Many of us may have noticed a little brown speck of ‘dirt’ stuck to the walls in our homes. It looks like a blot on an otherwise clean wall or should I say on our house-keeping skills? Often, it is promptly removed and disposed. If you were the procrastinating type perhaps you noticed that the speck has moved and it is no longer in the same place on the wall. If you happen to be curious, you would have figured out just what that moving brown speck of is!
We are talking about what is popularly referred to as bagworms. What are bagworms? They are a small family of moths belonging to family Psychidae. This family comprises of over 1300 species of the 1.3 lakh species or so moths in the world.
There is something unique about this family of moths. The larva, soon after emerging from the egg, builds a little case. For this purpose it uses the silk that it produces and material available in their environment – could be lichen, tree bark, twigs, sand, leaves etc. It can be seen with just a bit of its body protruding out when it is moving about.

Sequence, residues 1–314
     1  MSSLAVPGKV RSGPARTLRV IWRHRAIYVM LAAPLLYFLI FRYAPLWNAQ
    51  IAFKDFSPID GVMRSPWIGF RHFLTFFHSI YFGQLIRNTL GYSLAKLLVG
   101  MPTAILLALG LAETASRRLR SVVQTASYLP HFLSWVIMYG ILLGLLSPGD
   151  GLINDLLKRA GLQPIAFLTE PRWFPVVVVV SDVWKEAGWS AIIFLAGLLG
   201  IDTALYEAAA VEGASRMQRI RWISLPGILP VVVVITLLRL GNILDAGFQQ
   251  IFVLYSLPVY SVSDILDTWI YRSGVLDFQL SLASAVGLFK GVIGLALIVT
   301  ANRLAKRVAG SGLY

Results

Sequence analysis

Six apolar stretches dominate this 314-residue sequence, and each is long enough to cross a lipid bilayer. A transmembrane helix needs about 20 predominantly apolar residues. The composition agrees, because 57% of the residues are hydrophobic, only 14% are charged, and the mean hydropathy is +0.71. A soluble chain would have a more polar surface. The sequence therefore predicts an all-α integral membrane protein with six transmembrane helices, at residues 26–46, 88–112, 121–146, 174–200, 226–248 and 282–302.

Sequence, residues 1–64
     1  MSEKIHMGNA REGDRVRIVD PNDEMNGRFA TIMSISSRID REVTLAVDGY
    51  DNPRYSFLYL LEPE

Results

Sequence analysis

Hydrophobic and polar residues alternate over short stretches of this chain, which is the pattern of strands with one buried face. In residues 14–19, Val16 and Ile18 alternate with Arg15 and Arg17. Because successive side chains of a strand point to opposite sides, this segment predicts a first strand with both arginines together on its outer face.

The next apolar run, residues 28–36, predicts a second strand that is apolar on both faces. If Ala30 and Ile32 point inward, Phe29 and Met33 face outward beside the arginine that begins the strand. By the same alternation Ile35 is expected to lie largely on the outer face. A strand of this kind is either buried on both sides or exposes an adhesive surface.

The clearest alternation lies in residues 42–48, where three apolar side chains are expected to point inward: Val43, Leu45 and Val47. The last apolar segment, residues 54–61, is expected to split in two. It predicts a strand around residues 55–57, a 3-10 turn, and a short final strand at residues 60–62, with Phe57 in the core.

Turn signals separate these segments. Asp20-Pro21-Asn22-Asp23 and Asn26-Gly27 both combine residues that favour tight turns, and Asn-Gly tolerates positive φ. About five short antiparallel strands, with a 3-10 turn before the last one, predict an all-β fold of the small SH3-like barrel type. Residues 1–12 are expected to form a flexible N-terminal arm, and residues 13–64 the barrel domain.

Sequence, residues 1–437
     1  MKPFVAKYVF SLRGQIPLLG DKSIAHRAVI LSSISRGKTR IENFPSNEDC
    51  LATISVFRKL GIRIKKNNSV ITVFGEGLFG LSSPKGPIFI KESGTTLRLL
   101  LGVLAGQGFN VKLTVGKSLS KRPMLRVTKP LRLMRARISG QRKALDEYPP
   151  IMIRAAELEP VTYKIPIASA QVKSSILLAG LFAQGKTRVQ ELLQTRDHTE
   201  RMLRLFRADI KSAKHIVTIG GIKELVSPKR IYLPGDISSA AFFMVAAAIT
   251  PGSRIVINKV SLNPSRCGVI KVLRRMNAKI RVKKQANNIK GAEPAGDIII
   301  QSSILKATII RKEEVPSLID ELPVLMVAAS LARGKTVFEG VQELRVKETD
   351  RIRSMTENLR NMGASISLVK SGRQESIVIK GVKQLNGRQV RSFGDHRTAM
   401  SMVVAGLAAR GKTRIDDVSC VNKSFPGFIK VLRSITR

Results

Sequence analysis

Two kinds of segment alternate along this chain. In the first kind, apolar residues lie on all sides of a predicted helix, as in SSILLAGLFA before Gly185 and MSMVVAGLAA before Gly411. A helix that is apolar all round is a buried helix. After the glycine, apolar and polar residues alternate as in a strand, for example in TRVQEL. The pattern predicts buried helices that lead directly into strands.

Once its growth as a larva is complete, it will pupate within the ‘bag’ it had built as a larva. The males of most species have wings like other moths and will fly away. However, the adult females often lack wings and look like the larva itself! The males are very short lived. They even lack mouthparts and don’t eat as adults. So the males have to locate females as soon as they can and mate with one. They do this by following the pheromones produced by the females. Eventually, they mate and the females lay eggs within the ‘bag’ and die. The females too live just long enough to mate and lay eggs. Like the males, the females do not eat as adults. And, this entire process continues generation after generation.
In the outdoors, one can find a variety of ‘bags’ built by these little creatures. Some of them are really amazing feats of engineering, while some others look clumsy to help them camouflage beautifully with their environment. Below are some such ‘bags’.
So, the next time you see one of these aggregations of material – be it twigs, leaves, bark, etc., – give it another look. Lo and behold you may have discovered another beautiful piece of engineering – a bagworm!
See more images of Bagworms